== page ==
Back in August we had an in-depth Q&A with Rush-Kent Insurance, a local Arlington insurance agency. It began like this:
There are a lot of unknowns in the world, and while you can't predict a freakish storm that knocks down trees and floods the streets, you can do your best to protect yourself and your home in the 'whats' and the 'ifs' of life.
Freakish storm indeed. Given the clean-up that is underway across much of the region, many people are raising questions regarding their own insurance policies, or the policies of loved ones in harder hit areas.
In the Q&A, Paul Kent broke down some insurance questions for us, including:
· The top three insurance policies every homeowner should have
· When and why to check for gaps in coverage
· How much insurance is too much (or too little?)
We thought we'd revisit some of the more relevant questions from this article for people looking to get a handle on their insurance policies.
In the meantime, you can catch the full article here: Q&A With Local Insurance Agency, Rush-Kent: Ensuring Protection from the 'Whats' and the 'Ifs' of Homeownership.
We have had two damaging microbursts in Arlington within the past two years. Have you seen, or do you expect to see, a rise in requests fo homeowners insurance as a result?
While most property owners already have insurance for their home, events like this serve to remind everyone of the importance of their coverage, and why it is important to review it periodically. I urge everyone to read their policy - I know it sounds crazy, but discovering a gap or inadequate coverage is better if it happens before a claim!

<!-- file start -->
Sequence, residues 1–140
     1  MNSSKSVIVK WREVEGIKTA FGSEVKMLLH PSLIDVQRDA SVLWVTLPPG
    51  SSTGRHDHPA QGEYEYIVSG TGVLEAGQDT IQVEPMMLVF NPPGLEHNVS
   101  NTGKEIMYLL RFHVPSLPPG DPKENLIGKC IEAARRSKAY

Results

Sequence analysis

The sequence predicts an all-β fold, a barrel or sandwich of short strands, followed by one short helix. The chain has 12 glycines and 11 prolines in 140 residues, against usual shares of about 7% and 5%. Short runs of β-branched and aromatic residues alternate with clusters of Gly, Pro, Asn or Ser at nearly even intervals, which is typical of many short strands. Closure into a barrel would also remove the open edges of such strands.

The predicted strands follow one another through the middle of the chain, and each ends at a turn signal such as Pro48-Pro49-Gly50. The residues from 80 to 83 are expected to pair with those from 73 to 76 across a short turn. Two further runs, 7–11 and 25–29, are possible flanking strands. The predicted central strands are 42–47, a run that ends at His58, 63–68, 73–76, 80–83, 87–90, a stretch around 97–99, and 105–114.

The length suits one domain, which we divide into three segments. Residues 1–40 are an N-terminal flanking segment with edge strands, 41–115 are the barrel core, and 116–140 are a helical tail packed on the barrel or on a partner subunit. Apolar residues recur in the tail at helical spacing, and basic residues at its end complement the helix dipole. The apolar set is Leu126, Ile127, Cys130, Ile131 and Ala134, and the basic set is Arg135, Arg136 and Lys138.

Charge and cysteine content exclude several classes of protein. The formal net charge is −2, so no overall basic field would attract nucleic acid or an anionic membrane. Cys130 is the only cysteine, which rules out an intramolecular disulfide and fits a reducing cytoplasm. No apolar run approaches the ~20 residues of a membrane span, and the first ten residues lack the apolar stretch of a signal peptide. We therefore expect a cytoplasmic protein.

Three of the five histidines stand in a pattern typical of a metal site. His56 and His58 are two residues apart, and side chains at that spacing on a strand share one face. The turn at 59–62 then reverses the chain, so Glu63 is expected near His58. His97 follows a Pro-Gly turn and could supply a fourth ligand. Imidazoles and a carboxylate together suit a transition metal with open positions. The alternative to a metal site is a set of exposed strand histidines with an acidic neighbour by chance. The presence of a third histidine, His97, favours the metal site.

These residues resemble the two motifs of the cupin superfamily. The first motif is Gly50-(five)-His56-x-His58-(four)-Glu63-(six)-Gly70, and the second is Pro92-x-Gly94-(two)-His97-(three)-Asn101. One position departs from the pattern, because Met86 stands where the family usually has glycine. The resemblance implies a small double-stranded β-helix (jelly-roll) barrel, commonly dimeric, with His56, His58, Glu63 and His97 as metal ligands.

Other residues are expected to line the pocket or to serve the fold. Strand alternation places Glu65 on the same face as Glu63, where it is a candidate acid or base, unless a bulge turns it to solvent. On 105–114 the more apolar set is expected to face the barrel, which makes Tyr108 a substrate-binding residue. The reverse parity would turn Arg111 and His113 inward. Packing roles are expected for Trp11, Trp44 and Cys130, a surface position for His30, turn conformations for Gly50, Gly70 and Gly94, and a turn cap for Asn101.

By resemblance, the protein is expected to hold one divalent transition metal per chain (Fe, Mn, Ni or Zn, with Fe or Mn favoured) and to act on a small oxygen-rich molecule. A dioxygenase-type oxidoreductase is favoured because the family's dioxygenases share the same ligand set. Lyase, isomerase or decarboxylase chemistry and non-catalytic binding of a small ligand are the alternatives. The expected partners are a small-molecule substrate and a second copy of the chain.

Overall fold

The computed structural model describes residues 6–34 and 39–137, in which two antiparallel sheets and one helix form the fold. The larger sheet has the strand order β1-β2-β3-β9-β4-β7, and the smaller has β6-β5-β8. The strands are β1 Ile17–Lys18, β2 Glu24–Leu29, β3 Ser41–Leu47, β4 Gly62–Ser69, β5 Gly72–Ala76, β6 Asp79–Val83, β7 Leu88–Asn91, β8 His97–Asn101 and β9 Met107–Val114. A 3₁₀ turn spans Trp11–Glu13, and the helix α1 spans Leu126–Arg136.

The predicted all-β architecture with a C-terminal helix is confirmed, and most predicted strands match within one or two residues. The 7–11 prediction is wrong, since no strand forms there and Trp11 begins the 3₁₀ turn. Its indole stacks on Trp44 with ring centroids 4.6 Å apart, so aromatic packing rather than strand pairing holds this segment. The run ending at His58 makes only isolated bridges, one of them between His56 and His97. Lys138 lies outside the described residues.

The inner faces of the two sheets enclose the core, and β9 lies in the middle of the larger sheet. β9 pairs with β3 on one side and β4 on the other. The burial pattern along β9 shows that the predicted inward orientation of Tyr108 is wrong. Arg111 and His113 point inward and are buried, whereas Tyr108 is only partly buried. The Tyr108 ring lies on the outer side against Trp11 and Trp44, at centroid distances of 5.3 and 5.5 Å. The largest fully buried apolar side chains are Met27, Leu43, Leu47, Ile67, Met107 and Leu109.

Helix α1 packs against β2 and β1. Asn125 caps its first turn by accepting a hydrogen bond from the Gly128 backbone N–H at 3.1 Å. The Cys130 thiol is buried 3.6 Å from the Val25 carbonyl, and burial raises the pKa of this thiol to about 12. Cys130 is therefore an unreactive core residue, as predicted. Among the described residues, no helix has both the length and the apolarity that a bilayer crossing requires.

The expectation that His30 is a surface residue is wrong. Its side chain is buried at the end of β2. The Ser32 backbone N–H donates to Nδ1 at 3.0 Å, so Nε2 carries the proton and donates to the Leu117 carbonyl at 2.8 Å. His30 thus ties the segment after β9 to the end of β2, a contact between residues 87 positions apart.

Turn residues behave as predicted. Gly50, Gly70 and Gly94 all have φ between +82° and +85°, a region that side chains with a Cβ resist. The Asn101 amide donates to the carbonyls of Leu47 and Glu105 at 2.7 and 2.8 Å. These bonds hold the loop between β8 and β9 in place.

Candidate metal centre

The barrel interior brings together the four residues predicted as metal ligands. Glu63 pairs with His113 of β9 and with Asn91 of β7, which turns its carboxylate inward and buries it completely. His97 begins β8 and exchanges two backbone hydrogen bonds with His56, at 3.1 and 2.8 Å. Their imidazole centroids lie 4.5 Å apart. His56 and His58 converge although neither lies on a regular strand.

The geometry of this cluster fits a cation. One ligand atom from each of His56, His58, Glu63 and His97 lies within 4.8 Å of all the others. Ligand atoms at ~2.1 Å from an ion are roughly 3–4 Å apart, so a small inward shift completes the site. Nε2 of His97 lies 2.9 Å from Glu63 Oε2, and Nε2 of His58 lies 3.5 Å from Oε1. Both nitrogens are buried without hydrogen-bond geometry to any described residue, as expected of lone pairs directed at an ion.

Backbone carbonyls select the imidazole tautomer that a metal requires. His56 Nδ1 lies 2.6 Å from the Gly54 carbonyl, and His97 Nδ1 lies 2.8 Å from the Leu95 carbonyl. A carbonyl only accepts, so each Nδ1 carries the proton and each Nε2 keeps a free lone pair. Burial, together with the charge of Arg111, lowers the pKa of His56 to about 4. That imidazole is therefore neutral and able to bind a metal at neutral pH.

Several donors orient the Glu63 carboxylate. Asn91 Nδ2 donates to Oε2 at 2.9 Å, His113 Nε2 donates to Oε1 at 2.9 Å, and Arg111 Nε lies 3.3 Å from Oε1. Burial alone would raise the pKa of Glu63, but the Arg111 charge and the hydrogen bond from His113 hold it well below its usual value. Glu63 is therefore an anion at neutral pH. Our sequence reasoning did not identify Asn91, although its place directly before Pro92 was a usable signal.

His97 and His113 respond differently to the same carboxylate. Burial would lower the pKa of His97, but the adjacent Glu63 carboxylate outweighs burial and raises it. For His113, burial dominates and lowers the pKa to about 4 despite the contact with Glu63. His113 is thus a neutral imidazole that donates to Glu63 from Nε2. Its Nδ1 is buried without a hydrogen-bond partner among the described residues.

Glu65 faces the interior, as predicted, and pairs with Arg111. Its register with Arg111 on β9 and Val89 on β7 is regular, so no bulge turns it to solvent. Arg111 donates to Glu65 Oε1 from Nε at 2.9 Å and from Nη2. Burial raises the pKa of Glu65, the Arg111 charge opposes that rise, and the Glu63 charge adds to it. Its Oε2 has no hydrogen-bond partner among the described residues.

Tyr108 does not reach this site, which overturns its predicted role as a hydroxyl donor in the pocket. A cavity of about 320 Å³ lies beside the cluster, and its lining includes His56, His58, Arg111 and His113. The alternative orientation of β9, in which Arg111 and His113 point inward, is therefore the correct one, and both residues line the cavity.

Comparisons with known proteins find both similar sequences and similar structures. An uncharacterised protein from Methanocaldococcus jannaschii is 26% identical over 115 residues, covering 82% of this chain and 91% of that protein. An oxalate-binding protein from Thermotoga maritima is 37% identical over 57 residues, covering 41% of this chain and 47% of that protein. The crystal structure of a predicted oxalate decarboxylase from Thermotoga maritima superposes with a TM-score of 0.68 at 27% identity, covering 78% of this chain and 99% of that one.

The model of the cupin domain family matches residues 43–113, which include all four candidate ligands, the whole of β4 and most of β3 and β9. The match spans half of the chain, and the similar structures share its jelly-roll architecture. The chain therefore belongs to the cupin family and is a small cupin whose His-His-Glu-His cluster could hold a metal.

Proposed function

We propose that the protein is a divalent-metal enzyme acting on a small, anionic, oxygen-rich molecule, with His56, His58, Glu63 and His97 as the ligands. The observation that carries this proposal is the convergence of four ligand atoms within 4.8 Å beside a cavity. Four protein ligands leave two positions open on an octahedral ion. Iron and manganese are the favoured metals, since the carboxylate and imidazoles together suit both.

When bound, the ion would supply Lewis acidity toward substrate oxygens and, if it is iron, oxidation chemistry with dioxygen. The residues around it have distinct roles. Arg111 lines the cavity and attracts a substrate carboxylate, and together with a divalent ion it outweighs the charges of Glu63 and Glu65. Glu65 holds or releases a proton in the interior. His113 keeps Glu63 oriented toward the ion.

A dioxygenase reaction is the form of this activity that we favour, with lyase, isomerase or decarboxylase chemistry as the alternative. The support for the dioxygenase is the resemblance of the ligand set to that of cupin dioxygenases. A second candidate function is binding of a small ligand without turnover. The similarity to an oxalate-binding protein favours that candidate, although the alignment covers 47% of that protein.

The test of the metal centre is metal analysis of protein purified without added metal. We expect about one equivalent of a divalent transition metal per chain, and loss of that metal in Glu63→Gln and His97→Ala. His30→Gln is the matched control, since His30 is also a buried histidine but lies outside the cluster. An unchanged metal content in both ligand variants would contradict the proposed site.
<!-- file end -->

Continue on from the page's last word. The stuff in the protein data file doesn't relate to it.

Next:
Are there any area-specific insurance policies that you recommend for people in town (i.e., flood insurance near Spy Pond? Extra coverage for older homes? Damage from snow-related incidents, etc.)
Many are not aware that flood, for example, is not covered by a homeowners policy. We recommend flood insurance to everyone because we can't predict what will happen. In some areas, flood insurance will be required by a mortgage lender due to a higher potential for flooding. Earthquake is another peril not automatically included in homeowners insurance - though this can be added to a homeowners policy for a small additional cost.
Older homes can present unique coverage issues depending upon the amount of updating they have undergone. Adequate coverage for additional repair or rebuilding costs due to code upgrades is important.
Winter weather can result in costly damage - for example, ice dams. While homeowners policies do normally cover this damage, our agency can provide information about preventing them.